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Getting Ready for Seasonal Allergies in Connecticut

Seasonal Allergies in Connecticut

Sneezing, a runny nose and watery eyes…yes, springtime in Connecticut is almost here. While allergies begin during the spring months, typically starting in March, they can last through the fall as late as October. While seasonal allergies can feel like a nuisance, it is important to seek treatment for them to determine what is causing them and how you can best move forward without any disruptions to your routine.

How Common Are Seasonal Allergies in Connecticut?

Over 50 million people in the U.S. have experienced allergy symptoms, making it a leading chronic illness. Allergies can develop at all ages with 30% of U.S. adults experiencing seasonal allergies and 40% of children. The most common type of allergy triggers include tree, wood and grass pollen, mold spores, dust mites, and dander. 

Unfortunately, Connecticut has one of the most challenged cities in the country for allergy sufferers. Hartford, Connecticut specifically is in the top five cities for worst seasonal allergies due to high pollen levels, leading to raised levels of allergies in the population. The National Pollen Map indicates how high allergen levels are daily in the environment in Connecticut and the specific irritants in the air such as juniper or grass. If you notice that there is an especially high likelihood of allergens present, it may be best to stay indoors and use indoor air conditioning versus opening a window.

Many allergens are high during spring due to tree pollen emerging in March and April and grass pollens appearing from May through July. Common trees causing problems in spring in Connecticut include Elder, Red Mulberry and Pussy Willow. Ragweed is also common in parts of Connecticut and can cause allergies.

What Is the Difference Between a Common Cold and an Allergy?

The main difference with a cold is a virus causes it, but an allergy is the body’s immune response to an allergen such as pollen. A cold usually lasts for three to 10 days and is treated with rest, decongestants and cold remedies. Allergies are treated by avoiding the substance, antihistamines and nasal steroid sprays. The symptoms can last for several weeks and can be seasonal, especially in spring.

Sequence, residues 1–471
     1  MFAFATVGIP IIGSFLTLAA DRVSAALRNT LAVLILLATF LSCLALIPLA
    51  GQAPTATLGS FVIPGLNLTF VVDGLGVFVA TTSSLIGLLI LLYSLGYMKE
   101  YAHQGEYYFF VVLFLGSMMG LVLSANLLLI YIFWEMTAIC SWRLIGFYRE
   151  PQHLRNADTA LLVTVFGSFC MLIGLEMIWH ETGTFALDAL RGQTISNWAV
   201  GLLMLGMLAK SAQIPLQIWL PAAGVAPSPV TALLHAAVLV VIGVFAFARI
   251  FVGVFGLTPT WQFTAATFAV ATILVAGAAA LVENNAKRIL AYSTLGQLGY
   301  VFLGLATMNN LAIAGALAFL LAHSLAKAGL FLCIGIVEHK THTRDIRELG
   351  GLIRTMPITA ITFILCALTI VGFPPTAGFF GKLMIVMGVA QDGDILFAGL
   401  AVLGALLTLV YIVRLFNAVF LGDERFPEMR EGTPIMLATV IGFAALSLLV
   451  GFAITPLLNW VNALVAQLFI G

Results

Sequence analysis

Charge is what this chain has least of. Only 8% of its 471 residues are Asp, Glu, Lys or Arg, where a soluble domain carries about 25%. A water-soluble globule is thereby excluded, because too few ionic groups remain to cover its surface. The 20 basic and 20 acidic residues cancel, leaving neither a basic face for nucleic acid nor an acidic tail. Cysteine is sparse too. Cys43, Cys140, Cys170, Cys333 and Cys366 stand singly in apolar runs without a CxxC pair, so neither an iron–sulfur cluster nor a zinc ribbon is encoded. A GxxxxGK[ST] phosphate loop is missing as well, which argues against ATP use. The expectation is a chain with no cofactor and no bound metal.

What Are the Symptoms of Cold and Allergies?

One of the easiest ways to start working out what could be wrong when you begin sneezing is to look at the signs. Some symptoms are very similar in both colds and allergies. A runny nose, feeling congested and sneezing are typical in both conditions. Sometimes you get a sore throat or cough with a cold, but this is rare with allergies. General aches and pains are common in colds and sometimes a fever, but not with an allergy.

Symptoms that are more suggestive of an allergy (as they are rare or do not occur in colds) include itching and particularly itchy eyes. In addition, some people develop a rash, depending on the irritant.

Allergies can be seasonal or perennial. Seasonal allergies tend to occur with irritants like pollens in spring. Perennial allergies occur all year round and are likely due to mold, dust and other irritants.

Why Getting Help for Allergies Is Important

Common colds are easy to treat and usually resolve in a few days. Allergies continue for weeks. There are several reasons why getting help from an expert is important if you think you have an allergy.

Identifying the allergen. Understanding the specific allergen causing your symptoms is essential. First, you can remove it in some cases, such as deep cleaning a home to eradicate house mites. You can also avoid exposure to pollens and stay away from allergens when the pollen count is high, for example.

Getting the correct treatment. Once you know you have an allergy, you can use antihistamines or nasal steroid sprays to reduce inflammation caused by an allergic reaction. Getting the correct treatment will help you manage your symptoms.


Lifestyle issues. Suppose you have an allergy to seasonal pollens. In that case, it can disrupt your work, especially if you are working in hospitality, driving or the health sector where constant sneezing and itching are hard to manage. In addition, it coincides with college and school exams and can disrupt studying.

Links to other conditions. If you also have asthma, allergies can make exacerbations worse. Allergic asthma is the most common form of the disease and can be worsened by allergens such as pollen and dust mites. It is therefore vital to have a management plan.

How To Get Help for Allergies in Connecticut

One of the best ways to get help for allergies is from a specialist. They will review your history and perform tests to determine the allergen and the best course of treatment. Once you have a treatment plan, you will be able to go about your life with significantly reduced symptoms and feel more comfortable. It is also important to have a dust-free home, eat healthily to boost your immune system and avoid smoking. Research shows that allergies are more common in smokers, especially those who also have asthma.

If you are in Connecticut and are looking for a doctor to guide you through this process, search PACT’s list of board-certified doctors near you!

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